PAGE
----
The End of Term Web Archive is a project to preserve public government websites and data that are at risk of being removed during the transition from one US administration to another. The Federal government has produced a great many websites and resources, and the process of archiving them takes weeks and months. The goal of current data rescue efforts is to identify the most urgent cases so that they get archived sooner. "Urgent cases" are those that the incoming administration may be particularly antagonistic towards.
While we want as much as possible to go into the Internet Archive, some of the open data resources made available by different government agencies are in formats that the Internet Archive is not designed to handle technologically. These data need to be downloaded separately, packaged up in a container along with a description of what the data is, and uploaded in other open repositories designed specifically for data archiving.
Summary of the webcrawler
A webcrawler is a program that visits a web page, stores a copy, then examines the page looking for links to other web pages, follows those links, and repeats the process for every new page found. It is useful to understand a little bit about how crawlers work and what their limitations are.
More information for seeders and sorters
The Seeders and Sorters team canvases the resources of a given government agency, identifying important URLs. URLs are nominated (equivalently, "seeded") using the Chrome extension or bookmarklet developed for this purpose. Each URL is added to a spreadsheet.
The reason for a human in the loop is this: the technological limitations of today's webcrawlers means that not everything can be automatically downloaded, so humans are needed to sort pages by whether they can be completely captured automatically. This sorting is really only provisional: when in doubt, seeders mark a URL as not crawlable, and humans in the next step of the workflow (the researchers) take a closer look at the "uncrawlables".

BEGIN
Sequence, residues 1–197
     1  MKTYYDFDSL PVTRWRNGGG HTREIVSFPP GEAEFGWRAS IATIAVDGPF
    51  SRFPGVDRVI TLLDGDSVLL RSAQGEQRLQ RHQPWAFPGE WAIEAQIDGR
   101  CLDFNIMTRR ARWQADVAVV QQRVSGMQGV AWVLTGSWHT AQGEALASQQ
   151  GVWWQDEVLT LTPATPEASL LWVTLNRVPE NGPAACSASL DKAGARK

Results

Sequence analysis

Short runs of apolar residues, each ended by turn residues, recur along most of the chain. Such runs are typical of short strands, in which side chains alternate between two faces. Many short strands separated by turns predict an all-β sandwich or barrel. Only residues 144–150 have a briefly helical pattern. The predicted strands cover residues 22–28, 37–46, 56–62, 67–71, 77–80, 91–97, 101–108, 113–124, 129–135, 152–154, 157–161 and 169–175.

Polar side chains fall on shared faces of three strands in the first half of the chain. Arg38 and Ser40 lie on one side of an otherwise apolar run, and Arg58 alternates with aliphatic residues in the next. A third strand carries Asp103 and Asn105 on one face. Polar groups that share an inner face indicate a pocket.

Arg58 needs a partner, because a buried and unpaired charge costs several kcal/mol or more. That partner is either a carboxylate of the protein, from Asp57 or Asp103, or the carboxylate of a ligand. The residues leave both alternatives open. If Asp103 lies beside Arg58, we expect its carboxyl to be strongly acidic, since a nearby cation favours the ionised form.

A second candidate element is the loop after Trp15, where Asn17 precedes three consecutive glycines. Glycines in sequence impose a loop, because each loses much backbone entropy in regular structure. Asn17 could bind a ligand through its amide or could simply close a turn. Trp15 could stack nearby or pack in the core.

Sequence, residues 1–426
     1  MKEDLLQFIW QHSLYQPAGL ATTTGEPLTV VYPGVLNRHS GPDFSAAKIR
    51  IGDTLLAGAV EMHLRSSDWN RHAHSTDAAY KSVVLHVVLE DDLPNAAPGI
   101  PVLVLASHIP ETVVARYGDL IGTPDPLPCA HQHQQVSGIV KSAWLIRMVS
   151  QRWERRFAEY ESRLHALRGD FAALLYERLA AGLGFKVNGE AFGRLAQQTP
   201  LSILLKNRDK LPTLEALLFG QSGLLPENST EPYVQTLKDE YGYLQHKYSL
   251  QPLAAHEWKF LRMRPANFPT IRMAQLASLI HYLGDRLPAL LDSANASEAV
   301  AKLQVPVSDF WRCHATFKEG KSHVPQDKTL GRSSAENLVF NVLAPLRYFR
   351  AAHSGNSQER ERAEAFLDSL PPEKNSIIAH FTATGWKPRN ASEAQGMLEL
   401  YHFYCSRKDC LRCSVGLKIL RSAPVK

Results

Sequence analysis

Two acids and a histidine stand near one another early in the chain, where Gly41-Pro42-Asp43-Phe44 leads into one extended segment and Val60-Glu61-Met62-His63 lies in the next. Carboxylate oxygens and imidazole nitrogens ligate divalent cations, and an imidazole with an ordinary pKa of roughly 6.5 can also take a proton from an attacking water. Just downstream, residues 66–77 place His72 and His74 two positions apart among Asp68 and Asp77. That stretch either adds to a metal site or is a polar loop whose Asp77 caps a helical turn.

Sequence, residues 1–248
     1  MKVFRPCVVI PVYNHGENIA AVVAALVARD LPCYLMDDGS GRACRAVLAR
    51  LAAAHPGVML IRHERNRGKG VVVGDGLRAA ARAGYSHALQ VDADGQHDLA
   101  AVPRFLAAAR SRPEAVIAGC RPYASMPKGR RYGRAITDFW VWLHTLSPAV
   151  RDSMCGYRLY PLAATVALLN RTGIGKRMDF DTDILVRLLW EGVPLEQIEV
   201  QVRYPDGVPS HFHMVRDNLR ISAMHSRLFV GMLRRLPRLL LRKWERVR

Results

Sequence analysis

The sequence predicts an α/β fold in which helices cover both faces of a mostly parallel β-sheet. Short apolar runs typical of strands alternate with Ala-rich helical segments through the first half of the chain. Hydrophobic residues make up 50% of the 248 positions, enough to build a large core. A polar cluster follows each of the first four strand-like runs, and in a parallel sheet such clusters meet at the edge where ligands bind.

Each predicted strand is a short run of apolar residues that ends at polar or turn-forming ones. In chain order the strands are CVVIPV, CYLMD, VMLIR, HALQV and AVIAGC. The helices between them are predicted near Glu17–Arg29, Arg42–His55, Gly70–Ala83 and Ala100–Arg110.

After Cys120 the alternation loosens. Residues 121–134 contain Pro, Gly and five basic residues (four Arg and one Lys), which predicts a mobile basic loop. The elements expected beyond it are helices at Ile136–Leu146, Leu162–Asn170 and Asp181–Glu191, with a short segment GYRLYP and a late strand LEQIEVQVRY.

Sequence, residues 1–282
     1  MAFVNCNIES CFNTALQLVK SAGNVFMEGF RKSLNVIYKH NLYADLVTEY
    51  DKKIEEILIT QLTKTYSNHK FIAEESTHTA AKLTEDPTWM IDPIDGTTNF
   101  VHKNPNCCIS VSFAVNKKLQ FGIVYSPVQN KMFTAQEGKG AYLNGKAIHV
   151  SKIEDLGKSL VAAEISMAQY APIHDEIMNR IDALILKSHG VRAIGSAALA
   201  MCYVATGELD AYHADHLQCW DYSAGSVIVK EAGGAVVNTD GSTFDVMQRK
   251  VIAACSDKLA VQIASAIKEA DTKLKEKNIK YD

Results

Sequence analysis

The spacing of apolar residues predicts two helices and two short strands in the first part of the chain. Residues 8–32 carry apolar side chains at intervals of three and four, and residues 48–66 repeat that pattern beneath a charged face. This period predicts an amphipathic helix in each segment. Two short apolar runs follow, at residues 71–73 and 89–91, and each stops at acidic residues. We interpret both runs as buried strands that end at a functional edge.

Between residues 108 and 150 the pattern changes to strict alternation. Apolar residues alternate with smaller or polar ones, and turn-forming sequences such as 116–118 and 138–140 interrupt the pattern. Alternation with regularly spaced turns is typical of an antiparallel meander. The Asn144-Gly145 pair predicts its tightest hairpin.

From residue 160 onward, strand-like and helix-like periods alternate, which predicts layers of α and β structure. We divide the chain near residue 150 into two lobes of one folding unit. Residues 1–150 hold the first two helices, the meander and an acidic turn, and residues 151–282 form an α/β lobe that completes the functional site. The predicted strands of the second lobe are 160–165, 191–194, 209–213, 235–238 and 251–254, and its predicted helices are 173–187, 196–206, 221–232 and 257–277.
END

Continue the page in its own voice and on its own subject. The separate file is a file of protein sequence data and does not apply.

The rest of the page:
Agency forecasts developed by EDGI – we are focusing on DOE for seeding, and a set of uncrawlable resources identified by past events. In this UCLA event, our seeding and sorting goal will be Department of Energy (DOE) sites. We will prioritize (1) Office of Energy Efficiency and Renewable Energy, (2) Office of Science, (3) Energy Information Administration, (4) Federal Energy Regulatory Commission, and (5) National Renewable Energy Laboratory, in that order.
Assignment tracking spreadsheet – so that people know which agency sub-pages are already being worked on.
More detail for researchers
For many people and events, the researchers and harvesters overlap considerably. For this reason, they work off the same list of URLs. In our event, we are using a subset of uncrawlable URLs that was determined to be higher priority and already confirmed to be uncrawlable. This list of URLs is in a spreadsheet listed in the next step below.
More details for harvesters
Harvesters take the "uncrawlable" content and try to figure out how to capture it. This is often a complex task that can require substantial technical expertise, and often requires different techniques for different types of content. A good description of the process has been put together by the DataRefuge group at UPenn in their toolkit:
The uncrawlables work list – this is actually a subset, determined by Philly's DataRefuge group to have high priority
More details about bagging, uploading and metadata creation
The steps above are part of a larger workflow still under active development by several groups. The workflow tries to address the different kinds of content and websites that can be encountered. Currently, the clearest articulation of that workflow is the following documentation developed by the UPenn group:
EDGI (Environmental Data & Governance Initiative) is an international effort to develop tools, research networks, and initiatives to archive public environmental data proactively. Together with DataRefuge, an effort from the University of Pennsylvania Program in the Environmental Humanities, they have been organizing data rescue events since December 2016. We are using the workflows and tools they have been evolving.